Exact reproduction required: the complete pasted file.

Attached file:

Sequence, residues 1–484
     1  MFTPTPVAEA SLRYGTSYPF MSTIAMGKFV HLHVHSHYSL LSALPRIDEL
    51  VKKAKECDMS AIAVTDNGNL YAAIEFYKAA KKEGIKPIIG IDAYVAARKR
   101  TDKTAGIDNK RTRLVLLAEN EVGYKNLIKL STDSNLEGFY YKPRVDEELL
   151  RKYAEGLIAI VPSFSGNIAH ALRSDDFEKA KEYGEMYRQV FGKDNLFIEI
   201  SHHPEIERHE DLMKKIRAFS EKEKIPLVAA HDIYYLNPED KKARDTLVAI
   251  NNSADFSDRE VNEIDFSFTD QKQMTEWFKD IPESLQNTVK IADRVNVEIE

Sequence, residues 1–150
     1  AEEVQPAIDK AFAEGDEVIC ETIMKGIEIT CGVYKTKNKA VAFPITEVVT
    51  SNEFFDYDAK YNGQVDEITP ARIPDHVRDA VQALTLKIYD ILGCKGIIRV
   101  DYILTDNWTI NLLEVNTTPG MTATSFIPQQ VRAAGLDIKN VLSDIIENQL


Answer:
Sequence, residues 1–484
     1  MFTPTPVAEA SLRYGTSYPF MSTIAMGKFV HLHVHSHYSL LSALPRIDEL
    51  VKKAKECDMS AIAVTDNGNL YAAIEFYKAA KKEGIKPIIG IDAYVAARKR
   101  TDKTAGIDNK RTRLVLLAEN EVGYKNLIKL STDSNLEGFY YKPRVDEELL
   151  RKYAEGLIAI VPSFSGNIAH ALRSDDFEKA KEYGEMYRQV FGKDNLFIEI
   201  SHHPEIERHE DLMKKIRAFS EKEKIPLVAA HDIYYLNPED KKARDTLVAI
   251  NNSADFSDRE VNEIDFSFTD QKQMTEWFKD IPESLQNTVK IADRVNVEIE

Sequence, residues 1–150
     1  AEEVQPAIDK AFAEGDEVIC ETIMKGIEIT CGVYKTKNKA VAFPITEVVT
    51  SNEFFDYDAK YNGQVDEITP ARIPDHVRDA VQALTLKIYD ILGCKGIIRV
   101  DYILTDNWTI NLLEVNTTPG MTATSFIPQQ VRAAGLDIKN VLSDIIENQL